Sadly, this is a big problem with health care in the US, already. Very few people actually pay for their own care. The vast majority either get it "free" from the government (Medicare/Medicaid) or get it "free" from their employer. Of course in the former case it comes out of their taxes, and in the latter it's deducted from their salary. But the taking is done regardless of the individual using it. You don't get taxed less because you made healthy choices and avoided needing Medicare/Medicaid. You don't get more money from your employer (that I've ever heard of) if you save the company's medical plan money by being healthy.


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PostPosted: Fri Feb 05, 2010 1:53 pm 
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Frogbyte hit on some key points. Another thing to consider is this. Even though I'm a libertarian and don't want to see big Govt taking everything over, I can actually agree with single payer. I think the biggest objection to it here in the US is as to who will run it and how will it be paid for. Right now, prices are way overboard, the insurance companies usually negotiate prices, which leads to tons of fraud and abuse, not to mention the Dr's have to practice defensive medicine because of the ridiculous number of litigations, which leads to unnecessary tests, further driving up prices. Right now, the govt has a terrible track record running any type of business. The postal system is failing, and is in debt. Do you want them as single payer in charge of the health industry? This would lead to high costs, that would eventually be reflected down to the taxpayers. One solution I've heard was for Govt to manage it, but to contract it out to a private non-for-profit organization who could trim costs, as well as to legislate reform to control malpractice legislation, keep costs in terms of medical service and big pharma down. I don't hear that being discussed though.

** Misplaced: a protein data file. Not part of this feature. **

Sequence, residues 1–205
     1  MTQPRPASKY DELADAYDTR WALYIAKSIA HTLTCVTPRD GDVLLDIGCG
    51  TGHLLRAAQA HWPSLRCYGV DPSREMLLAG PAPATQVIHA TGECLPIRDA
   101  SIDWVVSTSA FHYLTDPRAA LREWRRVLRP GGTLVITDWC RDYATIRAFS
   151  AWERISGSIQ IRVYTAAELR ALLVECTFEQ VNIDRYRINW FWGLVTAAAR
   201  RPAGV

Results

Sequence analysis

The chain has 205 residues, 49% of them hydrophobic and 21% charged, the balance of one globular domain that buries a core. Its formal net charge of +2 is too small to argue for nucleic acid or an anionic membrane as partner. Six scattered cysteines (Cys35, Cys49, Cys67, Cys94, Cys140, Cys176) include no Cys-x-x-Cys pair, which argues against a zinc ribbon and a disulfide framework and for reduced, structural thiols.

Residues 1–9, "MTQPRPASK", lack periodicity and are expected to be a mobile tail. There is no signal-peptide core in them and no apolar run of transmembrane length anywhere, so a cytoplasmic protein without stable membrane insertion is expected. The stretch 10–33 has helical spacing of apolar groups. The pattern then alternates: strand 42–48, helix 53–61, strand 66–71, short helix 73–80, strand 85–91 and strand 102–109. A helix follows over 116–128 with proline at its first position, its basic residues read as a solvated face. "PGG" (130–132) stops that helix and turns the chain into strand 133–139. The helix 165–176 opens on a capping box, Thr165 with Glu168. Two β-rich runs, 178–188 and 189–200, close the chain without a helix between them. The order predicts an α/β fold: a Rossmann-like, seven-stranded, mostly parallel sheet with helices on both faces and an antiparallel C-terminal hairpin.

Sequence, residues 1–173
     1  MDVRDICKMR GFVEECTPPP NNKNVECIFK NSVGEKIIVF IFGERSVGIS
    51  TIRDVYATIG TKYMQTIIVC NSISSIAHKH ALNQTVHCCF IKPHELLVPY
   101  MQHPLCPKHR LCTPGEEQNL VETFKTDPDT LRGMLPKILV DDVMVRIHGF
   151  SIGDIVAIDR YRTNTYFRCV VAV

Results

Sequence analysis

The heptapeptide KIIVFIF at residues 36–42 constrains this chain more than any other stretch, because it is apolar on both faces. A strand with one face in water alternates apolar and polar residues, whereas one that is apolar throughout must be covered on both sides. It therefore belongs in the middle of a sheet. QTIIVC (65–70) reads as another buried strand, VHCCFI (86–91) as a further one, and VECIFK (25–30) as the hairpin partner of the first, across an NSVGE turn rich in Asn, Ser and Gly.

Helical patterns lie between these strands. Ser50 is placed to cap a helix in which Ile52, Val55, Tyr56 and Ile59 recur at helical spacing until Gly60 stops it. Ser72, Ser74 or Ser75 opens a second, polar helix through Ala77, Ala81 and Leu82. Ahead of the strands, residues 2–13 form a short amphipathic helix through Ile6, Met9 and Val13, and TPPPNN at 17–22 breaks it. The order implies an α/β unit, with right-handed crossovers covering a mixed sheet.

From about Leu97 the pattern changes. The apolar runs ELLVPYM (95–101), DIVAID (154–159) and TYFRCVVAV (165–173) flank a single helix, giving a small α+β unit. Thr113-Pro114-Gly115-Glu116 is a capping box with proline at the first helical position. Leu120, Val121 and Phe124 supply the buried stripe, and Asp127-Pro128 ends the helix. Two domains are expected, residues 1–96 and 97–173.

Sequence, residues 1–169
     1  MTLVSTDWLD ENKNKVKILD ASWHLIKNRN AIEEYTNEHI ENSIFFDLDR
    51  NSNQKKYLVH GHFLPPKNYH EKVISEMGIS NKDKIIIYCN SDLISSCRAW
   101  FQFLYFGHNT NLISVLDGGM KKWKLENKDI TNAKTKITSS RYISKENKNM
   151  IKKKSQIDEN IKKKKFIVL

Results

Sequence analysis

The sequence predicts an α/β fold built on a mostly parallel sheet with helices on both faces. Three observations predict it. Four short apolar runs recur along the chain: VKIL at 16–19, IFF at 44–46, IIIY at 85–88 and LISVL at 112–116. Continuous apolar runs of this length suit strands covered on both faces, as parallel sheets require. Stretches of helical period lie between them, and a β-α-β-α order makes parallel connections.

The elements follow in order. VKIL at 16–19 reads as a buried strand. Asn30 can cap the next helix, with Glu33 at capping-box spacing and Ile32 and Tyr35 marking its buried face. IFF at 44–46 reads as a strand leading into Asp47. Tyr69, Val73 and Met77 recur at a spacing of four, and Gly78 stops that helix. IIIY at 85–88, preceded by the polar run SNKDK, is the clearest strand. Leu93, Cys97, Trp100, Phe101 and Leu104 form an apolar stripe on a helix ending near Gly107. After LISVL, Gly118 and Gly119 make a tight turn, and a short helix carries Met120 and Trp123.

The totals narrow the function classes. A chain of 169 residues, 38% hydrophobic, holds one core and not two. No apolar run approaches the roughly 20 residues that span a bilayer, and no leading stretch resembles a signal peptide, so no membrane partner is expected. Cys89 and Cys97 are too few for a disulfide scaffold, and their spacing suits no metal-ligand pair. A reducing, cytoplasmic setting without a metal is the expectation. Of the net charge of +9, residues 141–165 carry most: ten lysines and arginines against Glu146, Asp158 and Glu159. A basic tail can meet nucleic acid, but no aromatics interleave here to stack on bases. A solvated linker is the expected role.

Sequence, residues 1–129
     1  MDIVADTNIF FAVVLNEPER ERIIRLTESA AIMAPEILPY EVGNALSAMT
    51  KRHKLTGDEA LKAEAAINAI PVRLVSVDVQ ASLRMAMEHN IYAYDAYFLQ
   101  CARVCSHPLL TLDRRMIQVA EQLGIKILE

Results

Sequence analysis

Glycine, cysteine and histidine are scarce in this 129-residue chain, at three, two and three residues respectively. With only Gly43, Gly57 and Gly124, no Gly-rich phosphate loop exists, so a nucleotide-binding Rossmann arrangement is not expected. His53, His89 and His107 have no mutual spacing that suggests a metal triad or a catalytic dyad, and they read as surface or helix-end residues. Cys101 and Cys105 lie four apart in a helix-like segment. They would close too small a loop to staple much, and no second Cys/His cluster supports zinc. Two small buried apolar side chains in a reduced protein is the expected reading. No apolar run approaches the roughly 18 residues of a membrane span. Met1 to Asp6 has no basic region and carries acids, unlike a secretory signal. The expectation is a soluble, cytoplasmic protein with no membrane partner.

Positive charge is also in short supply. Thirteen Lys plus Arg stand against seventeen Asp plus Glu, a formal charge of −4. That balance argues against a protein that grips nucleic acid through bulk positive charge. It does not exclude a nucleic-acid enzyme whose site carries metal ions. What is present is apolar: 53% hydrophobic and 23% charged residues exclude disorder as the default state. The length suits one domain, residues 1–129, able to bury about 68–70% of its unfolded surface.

Tim


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PostPosted: Fri Feb 05, 2010 2:09 pm 
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Tim, you're right, it's all about implementation. I think in Canada it was wise to leave health and eductaion to the provinces. By having different jurisdictions with there own programs, each can learn from the others wrt best practices. Having one overreaching agency can lead to blunders that can have enormous negative consequences. Can you imagine a medical crisis of the magnitude of the current financial crisis?


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PostPosted: Fri Feb 05, 2010 5:37 pm 
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frogbyte wrote:
Ironman wrote:
By the way, that wasn't a straw man.


I saw the straw man in this case as "you can trust everything that the US govt says because it's not a dictatorship" and that was not my position.

That wasn't a rant, it was a great introduction to the US, hoosegow.

As for "socialism", it is unfortunate that it's become such a contentious word. Labeling government-run health care as socialism is just an axiom. There's no debating that the denotation of the word fits, but the connotation has became inflammatory. I'm not really sure why some react so strongly to the label, though. Ironman is not alone in this regard, but maybe he can explain why it causes such a strong emotional response for him?